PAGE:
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Steve M

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  • Conversations with Friends

  • A Novel
  • By: Sally Rooney
  • Narrated by: Aoife McMahon
  • Length: 8 hrs and 21 mins
  • Unabridged
  • Overall
    4 out of 5 stars 265
  • Performance
    4.5 out of 5 stars 246
  • Story
    4 out of 5 stars 245

Frances is a cool-headed and darkly observant young woman vaguely pursuing a career in writing while studying in Dublin. Her best friend and comrade-in-arms is the beautiful and endlessly self-possessed Bobbi. At a local poetry performance one night, Frances and Bobbi catch the eye of Melissa, a well-known photographer, and as the girls are then gradually drawn into Melissa's world, Frances is reluctantly impressed by the older woman's sophisticated home and tall, handsome husband, Nick.

  • 5 out of 5 stars
  • Interesting point of view; glad I listened!

  • By Amazon Customer on 08-23-17

Beautifully Written and Insightful

Overall
5 out of 5 stars
Performance
5 out of 5 stars
Story
4 out of 5 stars

Reviewed: 12-06-18

This book is written in crisp, precise sentences that beautifully evoke some aspect of being young and unfocused and, no matter how intelligent and insightful about other people, still clueless about oneself. The main characters are pretty compelling, even if their behavior is at time infuriating and/or ill advised. The male love interest is a rarity among male love interests in fiction--an almost completely passive, submissive heterosexual man. Not sure if that's good or not (not so much for the heroine) but interesting and usual. It's beautifully read here. At times, it feels as repetitious as real life, but it's still gripping.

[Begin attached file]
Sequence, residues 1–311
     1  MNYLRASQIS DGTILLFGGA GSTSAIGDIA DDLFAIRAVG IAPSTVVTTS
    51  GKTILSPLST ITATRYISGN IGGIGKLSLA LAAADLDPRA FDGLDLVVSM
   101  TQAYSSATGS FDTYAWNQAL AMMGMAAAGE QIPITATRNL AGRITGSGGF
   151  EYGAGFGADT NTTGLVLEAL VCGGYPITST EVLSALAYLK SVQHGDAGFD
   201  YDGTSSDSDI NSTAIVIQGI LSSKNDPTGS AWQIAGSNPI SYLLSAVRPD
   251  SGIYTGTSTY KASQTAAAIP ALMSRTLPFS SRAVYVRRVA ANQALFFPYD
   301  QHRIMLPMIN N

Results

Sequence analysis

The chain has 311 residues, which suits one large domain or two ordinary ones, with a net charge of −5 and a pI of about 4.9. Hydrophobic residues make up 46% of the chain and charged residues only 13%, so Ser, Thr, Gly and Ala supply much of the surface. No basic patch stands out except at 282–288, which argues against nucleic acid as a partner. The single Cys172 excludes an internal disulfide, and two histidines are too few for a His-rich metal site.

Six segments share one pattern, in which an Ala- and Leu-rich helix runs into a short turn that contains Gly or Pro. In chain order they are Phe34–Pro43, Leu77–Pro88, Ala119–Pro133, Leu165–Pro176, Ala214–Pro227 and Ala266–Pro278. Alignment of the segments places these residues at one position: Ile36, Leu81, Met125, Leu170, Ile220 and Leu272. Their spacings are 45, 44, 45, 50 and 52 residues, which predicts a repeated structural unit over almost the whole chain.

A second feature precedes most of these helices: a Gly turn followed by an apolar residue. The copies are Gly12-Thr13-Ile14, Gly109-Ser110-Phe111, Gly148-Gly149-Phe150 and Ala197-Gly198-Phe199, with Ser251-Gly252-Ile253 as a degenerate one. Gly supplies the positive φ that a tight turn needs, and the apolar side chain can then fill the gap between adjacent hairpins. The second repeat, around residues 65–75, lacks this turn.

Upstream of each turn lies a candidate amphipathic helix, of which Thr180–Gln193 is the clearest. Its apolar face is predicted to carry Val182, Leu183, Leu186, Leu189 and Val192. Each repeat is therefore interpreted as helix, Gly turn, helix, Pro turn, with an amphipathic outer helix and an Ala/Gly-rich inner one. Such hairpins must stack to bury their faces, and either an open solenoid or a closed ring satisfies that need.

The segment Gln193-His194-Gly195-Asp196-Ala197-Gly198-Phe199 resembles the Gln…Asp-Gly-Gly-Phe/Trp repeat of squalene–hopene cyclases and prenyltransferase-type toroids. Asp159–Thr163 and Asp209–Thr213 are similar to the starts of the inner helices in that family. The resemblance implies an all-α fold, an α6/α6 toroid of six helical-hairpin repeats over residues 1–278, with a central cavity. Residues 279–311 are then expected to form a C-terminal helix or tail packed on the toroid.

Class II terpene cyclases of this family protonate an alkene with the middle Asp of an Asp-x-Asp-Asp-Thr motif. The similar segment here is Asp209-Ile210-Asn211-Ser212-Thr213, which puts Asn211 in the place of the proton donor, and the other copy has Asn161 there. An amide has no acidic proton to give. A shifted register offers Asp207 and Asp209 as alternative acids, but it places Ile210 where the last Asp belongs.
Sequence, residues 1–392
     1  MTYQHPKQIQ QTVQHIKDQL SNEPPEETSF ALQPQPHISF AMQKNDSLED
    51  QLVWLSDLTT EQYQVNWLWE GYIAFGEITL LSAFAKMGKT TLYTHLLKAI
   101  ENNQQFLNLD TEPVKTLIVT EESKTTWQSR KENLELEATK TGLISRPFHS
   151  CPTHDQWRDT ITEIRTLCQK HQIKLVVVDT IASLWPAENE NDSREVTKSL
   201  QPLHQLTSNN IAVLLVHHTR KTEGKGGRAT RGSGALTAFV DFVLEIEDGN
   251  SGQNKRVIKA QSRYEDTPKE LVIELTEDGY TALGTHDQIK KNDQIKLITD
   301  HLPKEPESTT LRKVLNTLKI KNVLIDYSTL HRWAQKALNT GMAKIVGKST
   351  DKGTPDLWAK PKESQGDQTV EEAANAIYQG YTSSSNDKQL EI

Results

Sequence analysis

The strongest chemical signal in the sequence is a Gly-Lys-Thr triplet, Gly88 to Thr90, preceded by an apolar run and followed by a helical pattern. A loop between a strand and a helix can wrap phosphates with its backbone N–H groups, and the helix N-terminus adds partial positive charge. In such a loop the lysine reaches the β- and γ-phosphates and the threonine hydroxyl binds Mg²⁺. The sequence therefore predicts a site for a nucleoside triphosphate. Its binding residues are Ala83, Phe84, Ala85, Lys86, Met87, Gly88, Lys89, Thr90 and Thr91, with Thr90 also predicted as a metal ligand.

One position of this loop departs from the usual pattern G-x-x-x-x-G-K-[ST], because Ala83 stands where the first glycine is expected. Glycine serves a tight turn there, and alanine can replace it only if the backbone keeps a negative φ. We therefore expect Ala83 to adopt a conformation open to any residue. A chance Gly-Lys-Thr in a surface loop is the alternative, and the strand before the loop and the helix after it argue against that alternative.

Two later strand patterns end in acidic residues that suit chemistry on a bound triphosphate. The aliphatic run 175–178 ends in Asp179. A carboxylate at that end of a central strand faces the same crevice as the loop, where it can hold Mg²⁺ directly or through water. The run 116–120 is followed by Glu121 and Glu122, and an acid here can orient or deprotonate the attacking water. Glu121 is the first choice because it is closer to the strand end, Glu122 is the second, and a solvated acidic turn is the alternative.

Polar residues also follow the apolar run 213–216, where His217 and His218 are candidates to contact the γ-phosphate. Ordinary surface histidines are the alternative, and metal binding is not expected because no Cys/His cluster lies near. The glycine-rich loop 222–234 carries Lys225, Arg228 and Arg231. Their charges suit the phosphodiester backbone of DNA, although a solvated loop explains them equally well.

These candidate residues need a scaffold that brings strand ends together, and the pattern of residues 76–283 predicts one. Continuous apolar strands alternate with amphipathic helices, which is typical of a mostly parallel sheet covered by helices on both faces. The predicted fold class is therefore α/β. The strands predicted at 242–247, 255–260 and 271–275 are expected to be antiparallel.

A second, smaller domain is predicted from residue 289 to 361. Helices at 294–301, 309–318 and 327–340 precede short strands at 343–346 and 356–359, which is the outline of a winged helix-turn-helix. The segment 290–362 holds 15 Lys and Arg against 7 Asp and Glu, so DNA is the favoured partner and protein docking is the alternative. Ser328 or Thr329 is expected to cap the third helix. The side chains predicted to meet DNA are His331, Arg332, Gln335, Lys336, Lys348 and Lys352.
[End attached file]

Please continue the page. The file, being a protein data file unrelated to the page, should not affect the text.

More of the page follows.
• Can You Ever Forgive Me?

  • Memoirs of a Literary Forger
  • By: Lee Israel
  • Narrated by: Jane Curtin
  • Length: 2 hrs and 40 mins
  • Unabridged
  • Overall
    4 out of 5 stars 85
  • Performance
    4.5 out of 5 stars 83
  • Story
    4 out of 5 stars 83

Before turning to her life of crime - running a one-woman forgery business out of a phone booth in a Greenwich Village bar and even dodging the FBI - Lee Israel had a legitimate career as an author of biographies. But by 1990, almost broke and desperate to hang onto her Upper West Side studio, Lee made a bold and irreversible career change: inspired by a letter she’d received once from Katharine Hepburn, and armed with her considerable skills as a researcher and celebrity biographer, she began to forge letters in the voices of literary greats.